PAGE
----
Let me go back to what I was attempting to say before I was interrupted, which was simply that the minister responsible answered accurately and honestly when she said she did not know who had inserted the word “not”, because at the time, she did not. She explained that it was an internal document. She explained that she had instructed her staff to tell CIDA officials that she was not in favour of funding KAIROS.
One of her staff members, of her own volition, inserted the word “not” and sent it back with the electronic signature of the minister to convey to the officials at CIDA that the minister was not in favour of funding KAIROS.
At committee, officials from CIDA, including the president of CIDA, testified to the committee that they found that to have been appropriate. There were no surprises. In fact, it communicated accurately the minister's wishes not to fund KAIROS.
Quite frankly, who put the word “not” in the internal document is irrelevant, because what the minister was attempting to do, and did do, was to convey to her own officials that she, as minister, did not wish to fund KAIROS. That message was conveyed and accepted by the officials of CIDA, as they testified in committee. They were totally aware, by the insertion of the word “not”, that it was the minister's decision.
The CIDA officials also testified that they did not feel there was anything untoward by her putting in the word “not”. They testified that they did not think the minister was trying to deceive anyone as to the intent of that document, because it was an internal document; it was not a parliamentary document. It was meant to convey the minister's wishes back to her own officials.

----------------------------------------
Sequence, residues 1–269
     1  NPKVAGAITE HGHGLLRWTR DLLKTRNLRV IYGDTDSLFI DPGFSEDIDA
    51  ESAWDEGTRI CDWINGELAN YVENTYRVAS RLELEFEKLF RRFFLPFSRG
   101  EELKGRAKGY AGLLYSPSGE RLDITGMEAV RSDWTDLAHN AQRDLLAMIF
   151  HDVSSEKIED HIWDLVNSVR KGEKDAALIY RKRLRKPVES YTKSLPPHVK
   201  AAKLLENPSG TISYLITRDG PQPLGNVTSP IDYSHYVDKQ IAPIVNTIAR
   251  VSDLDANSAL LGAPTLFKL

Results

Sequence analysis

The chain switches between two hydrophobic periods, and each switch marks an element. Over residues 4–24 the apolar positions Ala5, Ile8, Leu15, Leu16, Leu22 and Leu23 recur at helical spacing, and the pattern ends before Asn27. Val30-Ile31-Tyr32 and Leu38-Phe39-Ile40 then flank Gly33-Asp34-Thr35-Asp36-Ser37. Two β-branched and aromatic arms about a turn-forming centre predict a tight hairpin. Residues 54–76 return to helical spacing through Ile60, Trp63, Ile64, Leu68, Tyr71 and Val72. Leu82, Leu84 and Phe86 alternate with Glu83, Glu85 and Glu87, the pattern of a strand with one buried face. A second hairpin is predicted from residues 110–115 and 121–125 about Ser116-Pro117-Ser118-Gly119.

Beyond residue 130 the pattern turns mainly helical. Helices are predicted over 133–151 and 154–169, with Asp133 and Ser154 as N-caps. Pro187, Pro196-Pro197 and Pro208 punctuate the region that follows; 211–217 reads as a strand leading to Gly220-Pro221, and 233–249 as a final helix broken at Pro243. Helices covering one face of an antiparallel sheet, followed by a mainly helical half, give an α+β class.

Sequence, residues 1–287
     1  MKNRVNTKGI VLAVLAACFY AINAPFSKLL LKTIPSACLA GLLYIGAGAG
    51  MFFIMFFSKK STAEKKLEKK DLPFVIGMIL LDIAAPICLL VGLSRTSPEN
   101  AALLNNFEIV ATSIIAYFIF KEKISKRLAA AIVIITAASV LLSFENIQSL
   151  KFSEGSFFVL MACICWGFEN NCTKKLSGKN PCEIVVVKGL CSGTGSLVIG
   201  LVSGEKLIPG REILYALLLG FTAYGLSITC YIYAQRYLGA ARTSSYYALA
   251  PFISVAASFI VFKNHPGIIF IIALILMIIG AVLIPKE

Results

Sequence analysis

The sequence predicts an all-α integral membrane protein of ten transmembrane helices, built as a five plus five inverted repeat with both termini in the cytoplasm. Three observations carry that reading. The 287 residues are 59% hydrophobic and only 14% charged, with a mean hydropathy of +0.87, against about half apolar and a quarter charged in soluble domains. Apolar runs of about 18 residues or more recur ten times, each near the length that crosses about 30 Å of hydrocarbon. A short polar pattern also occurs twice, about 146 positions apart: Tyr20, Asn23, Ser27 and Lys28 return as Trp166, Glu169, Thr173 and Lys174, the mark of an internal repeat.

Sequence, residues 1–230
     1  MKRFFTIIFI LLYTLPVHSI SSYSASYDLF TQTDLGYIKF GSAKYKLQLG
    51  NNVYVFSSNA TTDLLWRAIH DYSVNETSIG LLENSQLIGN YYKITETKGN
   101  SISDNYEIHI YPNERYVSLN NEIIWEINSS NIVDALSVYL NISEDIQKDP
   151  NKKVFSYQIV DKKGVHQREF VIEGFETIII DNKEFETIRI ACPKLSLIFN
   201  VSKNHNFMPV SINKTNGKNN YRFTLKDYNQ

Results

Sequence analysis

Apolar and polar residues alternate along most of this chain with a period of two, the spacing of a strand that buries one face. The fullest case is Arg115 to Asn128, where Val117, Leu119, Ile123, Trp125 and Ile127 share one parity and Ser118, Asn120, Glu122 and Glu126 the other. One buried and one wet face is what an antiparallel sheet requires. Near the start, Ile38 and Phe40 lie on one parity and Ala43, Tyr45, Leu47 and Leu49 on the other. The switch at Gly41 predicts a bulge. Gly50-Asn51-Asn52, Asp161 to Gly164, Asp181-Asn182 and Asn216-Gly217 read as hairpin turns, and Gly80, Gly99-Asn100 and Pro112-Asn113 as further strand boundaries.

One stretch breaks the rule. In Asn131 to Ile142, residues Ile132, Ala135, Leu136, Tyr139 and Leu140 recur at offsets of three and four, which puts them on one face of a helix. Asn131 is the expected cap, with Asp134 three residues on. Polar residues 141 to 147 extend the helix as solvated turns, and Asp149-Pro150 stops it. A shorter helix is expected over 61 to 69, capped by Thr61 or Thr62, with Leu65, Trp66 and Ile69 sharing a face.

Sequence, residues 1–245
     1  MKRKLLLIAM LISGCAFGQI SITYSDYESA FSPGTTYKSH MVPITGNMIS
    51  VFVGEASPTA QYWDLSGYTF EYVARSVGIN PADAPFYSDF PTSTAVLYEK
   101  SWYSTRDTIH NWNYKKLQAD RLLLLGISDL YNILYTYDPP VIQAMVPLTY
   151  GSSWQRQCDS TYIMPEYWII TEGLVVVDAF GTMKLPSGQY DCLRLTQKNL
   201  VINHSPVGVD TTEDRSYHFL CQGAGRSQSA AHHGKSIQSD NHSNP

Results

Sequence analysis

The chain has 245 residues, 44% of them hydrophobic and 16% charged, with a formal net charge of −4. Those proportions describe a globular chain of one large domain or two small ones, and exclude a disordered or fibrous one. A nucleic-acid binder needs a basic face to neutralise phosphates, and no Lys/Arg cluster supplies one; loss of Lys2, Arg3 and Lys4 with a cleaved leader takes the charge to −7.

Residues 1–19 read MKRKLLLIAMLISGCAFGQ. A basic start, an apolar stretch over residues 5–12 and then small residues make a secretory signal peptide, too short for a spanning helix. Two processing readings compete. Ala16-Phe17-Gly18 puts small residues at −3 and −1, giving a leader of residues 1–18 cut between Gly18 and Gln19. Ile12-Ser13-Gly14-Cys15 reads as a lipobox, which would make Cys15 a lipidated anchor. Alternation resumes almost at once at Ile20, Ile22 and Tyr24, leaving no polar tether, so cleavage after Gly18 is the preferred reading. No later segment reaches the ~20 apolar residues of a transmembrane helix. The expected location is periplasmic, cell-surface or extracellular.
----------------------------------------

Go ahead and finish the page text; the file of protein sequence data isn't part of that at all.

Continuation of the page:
In fact, the President of CIDA later testified that they are now taking steps to modify those internal documents to allow the minister to register her displeasure or dissatisfaction or opposition to a recommendation by having a separate box the minister could sign off on, a box saying, “I do not accept this recommendation”. Unfortunately, the way the documents were presented at the time did not include that separate opportunity for the minister to say, “I do not accept this recommendation”.
Therefore, when the minister instructed her own ministerial staff to convey back to CIDA officials that she did not wish to fund KAIROS, one of her staff members put in the word “not” and the document was signed with an electronic arm, since the minister was off on travel. The officials at CIDA responded by saying, “We totally understand what the minister's wishes are: she does not want to fund KAIROS. Message received. Message accepted”.
From that, we find ourselves in a situation where the opposition is contending that the minister was trying to deceive both Parliament and Canadian public. It contends that by the insertion of the word “not”, the minister was trying to deceive Parliament by inferring that the CIDA officials who originally recommended funding KAIROS were the ones who did not want to fund KAIROS.